RegionWestern Province, Papua New Guinea
Native speakers
3,000 (2002)[1]
Language codes
ISO 639-3knv
Map: The Waia language of New Guinea
  The Waia language (south center)
  Trans–New Guinea languages
  Other Papuan languages
  Austronesian languages

Tabo, also known as Waia (Waya), is a Papuan language of Western Province, Papua New Guinea, just north of the Fly River delta. The language has also been known as Hiwi and Hibaradai.[2]

Tabo means ‘word, mouth’ and is the name of the language, whereas Waia is the name of one of the ten villages where Tabo is spoken.[3]


Tabo is not close to other languages. Evans (2018) classifies it as a language isolate.[3] Usher (2020) includes it in the Trans-Fly family.[4] Part of the uncertainty is because many of the attested words of Tabo are loans from Gogodala or Kiwai, reducing the number of native Tabo words that can be used for comparison and thus making classification difficult.


In Gogodala Rural LLG, Western Province, Papua New Guinea, Tabo is spoken in:[5][6]

It is spoken by 3,500 people mainly in the southern part Bamu Rural LLG of Western Province.[3]


The phonemic inventory of Tabo is given below.[3]

b, d, ɡ, p, t, k, m, n, l, w, j, h, s
i, e, æ, a, o, u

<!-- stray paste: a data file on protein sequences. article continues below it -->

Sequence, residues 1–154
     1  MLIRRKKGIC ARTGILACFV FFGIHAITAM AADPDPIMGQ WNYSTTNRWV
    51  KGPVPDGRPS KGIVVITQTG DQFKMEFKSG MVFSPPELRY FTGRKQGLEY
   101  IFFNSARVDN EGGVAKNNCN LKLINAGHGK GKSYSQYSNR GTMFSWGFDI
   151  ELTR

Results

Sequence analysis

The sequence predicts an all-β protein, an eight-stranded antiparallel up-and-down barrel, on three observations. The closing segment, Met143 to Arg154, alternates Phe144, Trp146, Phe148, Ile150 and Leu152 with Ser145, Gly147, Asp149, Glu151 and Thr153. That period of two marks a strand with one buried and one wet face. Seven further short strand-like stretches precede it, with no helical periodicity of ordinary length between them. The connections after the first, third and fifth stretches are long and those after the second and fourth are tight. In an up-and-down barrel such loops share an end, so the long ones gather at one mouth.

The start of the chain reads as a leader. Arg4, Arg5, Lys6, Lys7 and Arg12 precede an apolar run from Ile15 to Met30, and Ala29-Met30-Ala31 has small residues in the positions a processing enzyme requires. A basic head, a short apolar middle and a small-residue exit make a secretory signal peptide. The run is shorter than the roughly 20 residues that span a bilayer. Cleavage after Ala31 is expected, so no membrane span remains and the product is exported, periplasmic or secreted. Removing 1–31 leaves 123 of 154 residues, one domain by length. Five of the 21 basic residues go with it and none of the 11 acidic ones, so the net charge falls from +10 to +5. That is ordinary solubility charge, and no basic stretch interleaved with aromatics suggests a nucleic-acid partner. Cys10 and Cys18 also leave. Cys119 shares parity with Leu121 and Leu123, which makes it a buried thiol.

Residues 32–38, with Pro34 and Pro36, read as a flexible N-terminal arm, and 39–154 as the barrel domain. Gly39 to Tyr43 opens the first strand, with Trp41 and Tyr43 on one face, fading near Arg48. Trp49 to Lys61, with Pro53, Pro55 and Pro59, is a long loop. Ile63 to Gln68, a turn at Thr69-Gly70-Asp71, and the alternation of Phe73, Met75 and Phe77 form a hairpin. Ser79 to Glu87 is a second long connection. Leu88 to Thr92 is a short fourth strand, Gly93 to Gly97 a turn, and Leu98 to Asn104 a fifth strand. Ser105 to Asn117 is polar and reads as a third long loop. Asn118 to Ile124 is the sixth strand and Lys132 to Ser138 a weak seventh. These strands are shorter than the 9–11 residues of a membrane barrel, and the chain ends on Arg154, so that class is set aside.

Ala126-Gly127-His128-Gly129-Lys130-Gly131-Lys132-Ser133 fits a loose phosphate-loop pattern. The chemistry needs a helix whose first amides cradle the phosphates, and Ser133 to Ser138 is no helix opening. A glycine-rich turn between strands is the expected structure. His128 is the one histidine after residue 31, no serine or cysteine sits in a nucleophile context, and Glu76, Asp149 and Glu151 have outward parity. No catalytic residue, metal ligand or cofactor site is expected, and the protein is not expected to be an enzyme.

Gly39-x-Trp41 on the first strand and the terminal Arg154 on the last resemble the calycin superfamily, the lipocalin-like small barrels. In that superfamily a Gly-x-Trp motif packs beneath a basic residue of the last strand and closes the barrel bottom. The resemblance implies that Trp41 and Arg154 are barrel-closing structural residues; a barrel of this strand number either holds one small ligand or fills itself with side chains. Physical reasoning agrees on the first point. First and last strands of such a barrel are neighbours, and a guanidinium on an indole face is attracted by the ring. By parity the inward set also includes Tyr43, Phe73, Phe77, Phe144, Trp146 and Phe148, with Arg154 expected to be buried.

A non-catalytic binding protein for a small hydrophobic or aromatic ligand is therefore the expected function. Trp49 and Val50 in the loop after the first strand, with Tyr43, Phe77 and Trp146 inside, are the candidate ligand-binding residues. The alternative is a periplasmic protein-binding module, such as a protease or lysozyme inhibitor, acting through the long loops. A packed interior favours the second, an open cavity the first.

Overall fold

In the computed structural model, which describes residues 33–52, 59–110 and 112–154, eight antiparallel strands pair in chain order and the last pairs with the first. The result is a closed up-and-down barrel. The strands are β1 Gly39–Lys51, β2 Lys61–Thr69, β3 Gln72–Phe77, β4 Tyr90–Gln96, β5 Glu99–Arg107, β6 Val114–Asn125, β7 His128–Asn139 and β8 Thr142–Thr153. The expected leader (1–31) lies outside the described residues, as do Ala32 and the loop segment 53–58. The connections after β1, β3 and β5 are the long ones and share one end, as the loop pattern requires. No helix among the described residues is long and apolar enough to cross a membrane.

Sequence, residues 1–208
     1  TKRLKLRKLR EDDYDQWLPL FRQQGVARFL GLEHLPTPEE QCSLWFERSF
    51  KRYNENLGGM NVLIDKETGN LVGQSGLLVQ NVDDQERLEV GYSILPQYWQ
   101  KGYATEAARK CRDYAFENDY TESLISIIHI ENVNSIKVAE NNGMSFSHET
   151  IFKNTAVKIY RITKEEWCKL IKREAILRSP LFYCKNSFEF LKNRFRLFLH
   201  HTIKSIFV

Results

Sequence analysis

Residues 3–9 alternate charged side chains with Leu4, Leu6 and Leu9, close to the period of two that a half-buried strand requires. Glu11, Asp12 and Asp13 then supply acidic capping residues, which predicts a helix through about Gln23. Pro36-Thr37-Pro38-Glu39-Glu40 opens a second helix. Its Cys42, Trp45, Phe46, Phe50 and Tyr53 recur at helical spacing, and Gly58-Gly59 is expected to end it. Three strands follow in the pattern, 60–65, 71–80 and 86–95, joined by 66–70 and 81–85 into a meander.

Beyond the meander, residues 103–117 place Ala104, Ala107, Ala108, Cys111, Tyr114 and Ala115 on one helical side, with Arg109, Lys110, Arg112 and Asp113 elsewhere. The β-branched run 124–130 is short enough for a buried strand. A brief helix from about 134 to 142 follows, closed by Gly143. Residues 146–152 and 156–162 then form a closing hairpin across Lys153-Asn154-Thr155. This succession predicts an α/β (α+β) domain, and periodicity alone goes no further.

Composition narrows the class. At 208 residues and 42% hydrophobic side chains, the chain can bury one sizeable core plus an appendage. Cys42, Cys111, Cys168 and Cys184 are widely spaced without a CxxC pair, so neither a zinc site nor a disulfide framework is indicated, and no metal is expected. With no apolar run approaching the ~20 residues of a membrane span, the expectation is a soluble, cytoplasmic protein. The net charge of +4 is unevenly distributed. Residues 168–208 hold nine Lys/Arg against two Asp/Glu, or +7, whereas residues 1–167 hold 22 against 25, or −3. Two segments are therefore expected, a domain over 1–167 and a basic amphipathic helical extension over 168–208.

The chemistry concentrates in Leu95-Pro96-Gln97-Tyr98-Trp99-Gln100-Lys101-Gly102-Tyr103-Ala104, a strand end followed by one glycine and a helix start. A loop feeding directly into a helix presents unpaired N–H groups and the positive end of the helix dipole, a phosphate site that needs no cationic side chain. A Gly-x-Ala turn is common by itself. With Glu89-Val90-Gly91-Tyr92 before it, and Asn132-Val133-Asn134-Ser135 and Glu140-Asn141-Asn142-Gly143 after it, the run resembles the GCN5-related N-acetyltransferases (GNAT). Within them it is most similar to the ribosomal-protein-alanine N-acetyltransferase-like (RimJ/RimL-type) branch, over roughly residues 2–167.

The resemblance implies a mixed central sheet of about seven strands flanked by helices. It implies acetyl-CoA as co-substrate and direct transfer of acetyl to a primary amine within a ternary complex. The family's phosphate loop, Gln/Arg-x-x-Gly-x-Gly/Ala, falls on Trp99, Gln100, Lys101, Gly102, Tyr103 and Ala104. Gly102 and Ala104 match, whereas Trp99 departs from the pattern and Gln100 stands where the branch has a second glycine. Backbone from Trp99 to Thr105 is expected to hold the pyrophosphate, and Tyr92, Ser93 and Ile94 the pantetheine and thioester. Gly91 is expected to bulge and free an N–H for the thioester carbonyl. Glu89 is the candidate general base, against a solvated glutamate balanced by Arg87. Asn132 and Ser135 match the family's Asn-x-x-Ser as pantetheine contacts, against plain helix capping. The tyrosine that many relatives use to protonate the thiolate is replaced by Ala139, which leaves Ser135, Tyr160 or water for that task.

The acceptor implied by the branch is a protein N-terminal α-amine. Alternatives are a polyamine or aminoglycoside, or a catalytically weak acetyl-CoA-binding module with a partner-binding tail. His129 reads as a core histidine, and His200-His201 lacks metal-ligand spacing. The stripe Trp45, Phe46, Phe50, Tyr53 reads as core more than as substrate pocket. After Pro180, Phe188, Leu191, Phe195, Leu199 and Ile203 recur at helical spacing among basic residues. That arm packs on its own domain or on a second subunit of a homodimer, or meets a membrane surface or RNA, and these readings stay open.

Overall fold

The following basic vocabulary words are from Reesink (1976) and Wurm (1973), as cited in the Trans-New Guinea database:[7]

gloss Tabo
head wato
hair hinibó; hinibɔ
ear galo
eye ba ͥdi; baidi
nose dopo; dɔ:pɔ
tooth lalo; lolo
tongue mɛlpila; merapira
leg nato
louse tamani
dog gaha
bird hola; hola:
egg kikipo
blood hawi; haᵘwi
bone goha; goha:
skin tama
breast nono
tree ke'ha; kɛha
man dubu; tubu
woman kamena
sun kadepa; kadɛpa
moon manome; manomi
water bea
fire koe; kue:
stone -nadi; naki
road, path gabo
name mahiro; mahiřo
eat hɛna; nɛ:na
one kapia
two nete'ewa

Further reading


  1. ^ Waia at Ethnologue (18th ed., 2015) (subscription required)
  2. ^ Hammarström, Harald; Forkel, Robert; Haspelmath, Martin, eds. (2017). "Tabo language". Glottolog 3.0. Jena, Germany: Max Planck Institute for the Science of Human History.
  3. ^ a b c d Evans, Nicholas (2018). "The languages of Southern New Guinea". In Palmer, Bill (ed.). The Languages and Linguistics of the New Guinea Area: A Comprehensive Guide. The World of Linguistics. Vol. 4. Berlin: De Gruyter Mouton. pp. 641–774. ISBN 978-3-11-028642-7.
  4. ^ NewGuineaWorld
  5. ^ Eberhard, David M.; Simons, Gary F.; Fennig, Charles D., eds. (2019). "Papua New Guinea languages". Ethnologue: Languages of the World (22nd ed.). Dallas: SIL International.
  6. ^ United Nations in Papua New Guinea (2018). "Papua New Guinea Village Coordinates Lookup". Humanitarian Data Exchange. 1.31.9.
  7. ^ Greenhill, Simon (2016). "TransNewGuinea.org - database of the languages of New Guinea". Retrieved 2020-11-05.